Managing Payroll for Project-Based Companies

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Companies that are project-based face an additional set of complexities when it comes to managing payroll. Instead of allocating all the work to one department for billing purposes, work performed by employees is split up by project. This means that hours worked must be allocated to the appropriate project instead of lumping them all into one department. Even though the employee would still be paid the same amount, how those wages are funded changes depending on the project.

Payroll for professional services or project-based companies used to be much more straightforward than it is today. Since these companies consist primarily of salaried employees, managing payroll each pay cycle was on auto-pilot: pay the employee the same salary each pay period and move on.

Now, the role of the payroll department and its payroll/Human Capital Management (HCM) system(s) is much more complex. With increased scrutiny from the government, clients, and employees, the entire payroll process must be precise. Project-based companies must correctly allocate salaried employees' hours and earnings across different projects, clients, funds, and pay periods.

When you're evaluating payroll systems, be sure to ask questions about the way it handles multi-project costing and compliance with government regulations.

Allocating employee salaries

Salaried employees in a project-based environment often work inconsistent schedules, and their work can span multiple jobs or clients. In one week, a particular project may require 65 hours, and the following week maybe it only needs 20 hours. While the employee still gets the same salary regardless of how many hours are charged, the payroll system needs to provide the correct financials, billing, and labor reporting. This means accurately breaking down employee hours and salary earnings across billable and non-billable time. Charging all a salaried employee's wages to a single department or cost number only addresses the employee's pay. To have clear visibility into overall project profitability and accurate client invoicing, you must set up your payroll system to maintain project and non-project level details.

Bonuses and other non-discretionary payments

Many professional services companies include performance-based earnings as part of the overall salaried employee's compensation. Examples are an annual bonus or monthly commissions for achieving sales goals. Often, these payments are managed in a spreadsheet or other manual method because companies can't find vendors who can automate their policies and integrate the results with their time, payroll, or other systems.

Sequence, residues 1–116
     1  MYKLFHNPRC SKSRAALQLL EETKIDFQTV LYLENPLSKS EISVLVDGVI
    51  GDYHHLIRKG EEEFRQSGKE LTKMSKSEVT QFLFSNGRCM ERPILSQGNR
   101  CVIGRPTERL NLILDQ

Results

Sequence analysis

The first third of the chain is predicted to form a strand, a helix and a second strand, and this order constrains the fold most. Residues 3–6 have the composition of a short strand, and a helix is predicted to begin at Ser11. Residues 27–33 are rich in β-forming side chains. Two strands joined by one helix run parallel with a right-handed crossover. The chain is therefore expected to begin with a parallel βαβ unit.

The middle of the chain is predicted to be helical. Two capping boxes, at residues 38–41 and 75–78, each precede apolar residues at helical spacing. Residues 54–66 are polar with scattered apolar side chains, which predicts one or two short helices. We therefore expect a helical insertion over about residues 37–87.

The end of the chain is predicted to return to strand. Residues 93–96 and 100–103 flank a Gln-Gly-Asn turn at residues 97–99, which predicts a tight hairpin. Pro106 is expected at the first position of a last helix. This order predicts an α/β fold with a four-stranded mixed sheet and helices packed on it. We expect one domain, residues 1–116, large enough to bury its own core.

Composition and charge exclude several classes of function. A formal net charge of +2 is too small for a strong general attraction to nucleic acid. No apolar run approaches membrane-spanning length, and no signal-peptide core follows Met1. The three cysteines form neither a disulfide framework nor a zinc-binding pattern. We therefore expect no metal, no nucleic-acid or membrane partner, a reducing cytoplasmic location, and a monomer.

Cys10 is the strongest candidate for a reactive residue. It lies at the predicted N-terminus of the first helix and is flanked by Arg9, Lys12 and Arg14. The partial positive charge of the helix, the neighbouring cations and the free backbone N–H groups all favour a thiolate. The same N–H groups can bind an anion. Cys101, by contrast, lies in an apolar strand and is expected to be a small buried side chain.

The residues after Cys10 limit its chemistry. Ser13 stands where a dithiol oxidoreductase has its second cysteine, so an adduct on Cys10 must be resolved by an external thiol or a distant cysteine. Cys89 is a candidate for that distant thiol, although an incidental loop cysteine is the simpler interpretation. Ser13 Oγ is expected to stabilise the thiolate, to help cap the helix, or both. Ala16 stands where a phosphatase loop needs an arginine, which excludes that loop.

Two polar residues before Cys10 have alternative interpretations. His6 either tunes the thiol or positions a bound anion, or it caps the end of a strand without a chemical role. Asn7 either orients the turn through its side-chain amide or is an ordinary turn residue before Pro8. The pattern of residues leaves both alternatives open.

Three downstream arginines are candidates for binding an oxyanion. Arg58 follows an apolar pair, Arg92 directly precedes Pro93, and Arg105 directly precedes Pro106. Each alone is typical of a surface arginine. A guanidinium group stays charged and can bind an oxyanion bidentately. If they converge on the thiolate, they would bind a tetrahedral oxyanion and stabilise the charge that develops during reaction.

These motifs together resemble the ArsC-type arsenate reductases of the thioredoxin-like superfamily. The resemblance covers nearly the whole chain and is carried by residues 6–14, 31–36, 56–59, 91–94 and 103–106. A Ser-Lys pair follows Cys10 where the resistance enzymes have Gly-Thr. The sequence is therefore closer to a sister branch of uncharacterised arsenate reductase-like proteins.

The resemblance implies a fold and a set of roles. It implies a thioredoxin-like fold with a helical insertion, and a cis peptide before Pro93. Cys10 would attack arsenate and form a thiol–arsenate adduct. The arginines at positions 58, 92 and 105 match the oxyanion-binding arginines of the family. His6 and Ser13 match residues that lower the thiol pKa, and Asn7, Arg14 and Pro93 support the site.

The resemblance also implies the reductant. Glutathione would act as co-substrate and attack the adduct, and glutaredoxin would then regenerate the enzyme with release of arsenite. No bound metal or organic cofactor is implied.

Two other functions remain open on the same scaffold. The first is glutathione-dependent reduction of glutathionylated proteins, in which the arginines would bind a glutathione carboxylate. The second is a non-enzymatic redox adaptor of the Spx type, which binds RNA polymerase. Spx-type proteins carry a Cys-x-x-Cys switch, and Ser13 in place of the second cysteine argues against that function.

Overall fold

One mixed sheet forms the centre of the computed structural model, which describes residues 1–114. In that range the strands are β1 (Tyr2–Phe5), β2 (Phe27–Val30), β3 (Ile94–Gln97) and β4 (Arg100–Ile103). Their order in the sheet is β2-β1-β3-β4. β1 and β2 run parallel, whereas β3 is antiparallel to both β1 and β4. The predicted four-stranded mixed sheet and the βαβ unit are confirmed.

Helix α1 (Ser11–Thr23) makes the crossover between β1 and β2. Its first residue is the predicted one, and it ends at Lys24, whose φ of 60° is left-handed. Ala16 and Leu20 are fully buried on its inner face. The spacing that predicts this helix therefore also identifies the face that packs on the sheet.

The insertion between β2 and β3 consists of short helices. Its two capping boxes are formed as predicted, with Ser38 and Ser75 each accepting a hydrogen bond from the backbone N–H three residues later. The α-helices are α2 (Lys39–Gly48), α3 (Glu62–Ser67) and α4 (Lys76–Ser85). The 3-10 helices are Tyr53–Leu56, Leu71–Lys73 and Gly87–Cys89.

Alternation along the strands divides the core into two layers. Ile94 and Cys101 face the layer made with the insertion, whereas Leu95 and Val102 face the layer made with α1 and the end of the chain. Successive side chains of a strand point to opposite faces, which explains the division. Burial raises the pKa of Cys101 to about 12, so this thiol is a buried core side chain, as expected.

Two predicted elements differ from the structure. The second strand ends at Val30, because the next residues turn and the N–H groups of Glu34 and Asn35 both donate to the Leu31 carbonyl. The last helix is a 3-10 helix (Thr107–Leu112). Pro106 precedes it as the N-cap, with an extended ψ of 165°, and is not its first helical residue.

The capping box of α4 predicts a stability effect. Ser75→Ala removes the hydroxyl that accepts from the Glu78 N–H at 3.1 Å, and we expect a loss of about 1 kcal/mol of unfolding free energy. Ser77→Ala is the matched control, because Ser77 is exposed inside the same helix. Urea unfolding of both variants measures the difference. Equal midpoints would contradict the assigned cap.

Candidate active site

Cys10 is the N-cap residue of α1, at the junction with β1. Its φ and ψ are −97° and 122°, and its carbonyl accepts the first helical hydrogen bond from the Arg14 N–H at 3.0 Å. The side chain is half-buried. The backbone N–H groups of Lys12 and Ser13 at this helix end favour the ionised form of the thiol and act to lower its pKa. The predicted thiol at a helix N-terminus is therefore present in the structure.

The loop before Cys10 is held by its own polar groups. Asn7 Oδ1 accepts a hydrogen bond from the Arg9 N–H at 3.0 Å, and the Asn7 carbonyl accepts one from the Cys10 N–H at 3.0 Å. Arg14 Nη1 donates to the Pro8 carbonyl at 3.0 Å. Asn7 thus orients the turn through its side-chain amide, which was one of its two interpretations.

Paying commissions is usually easy for a payroll system. Ask your payroll/HCM provider if they can help you automate the calculations behind your company's incentive or sales draw policies. If not, ask them to recommend a solution provider to help with the automation. This will save you time and help reduce the risk associated with manually managing critical pay policies in a spreadsheet.

FLSA compliance for salaried non-exempt employees

Many project-based companies have salaried employees that are also eligible for overtime. This is common in banking, law firms, engineering and other industries.

Most time-and-attendance systems do an excellent job of recognizing when an employee is eligible for overtime and determining their correct pay during the current pay cycle. However, according to the government's Fair Labor Standards Act (FLSA), these non-discretionary payments need to be applied against the period when earned. This means that the monthly commission check paid in November—but based on sales in October—needs to be applied to the October overtime earnings to reflect the correct commission amount. Failure to pay the prior period's or retroactive overtime earnings adjustments have resulted in costly lawsuits from the government or employees for non-compliance. Be sure to ask your payroll/HCM provider how they can help you automate these necessary overtime adjustments to help avoid expensive audits and legal issues.

The managing payroll for project services companies has changed. Instead of paying everyone the same salary each pay period, payroll must now be a strategic and vital part of your overall billing and financials management. It is crucial to your overall business profitability and compliance to ensure you're on a payroll/HCM platform that delivers detailed project-level visibility and robust processing.

Learn more

Whether paying your staff most efficiently, dealing with a mobile workforce, managing complex schedules or handling a range of other details, ADP can help.

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Note: This article was originally published on the IDI Connections blog. In November 2021, ADP, Inc. acquired Integrated Design, Inc. (IDI) after 20+ years of partnership between the organizations. Read the press release here.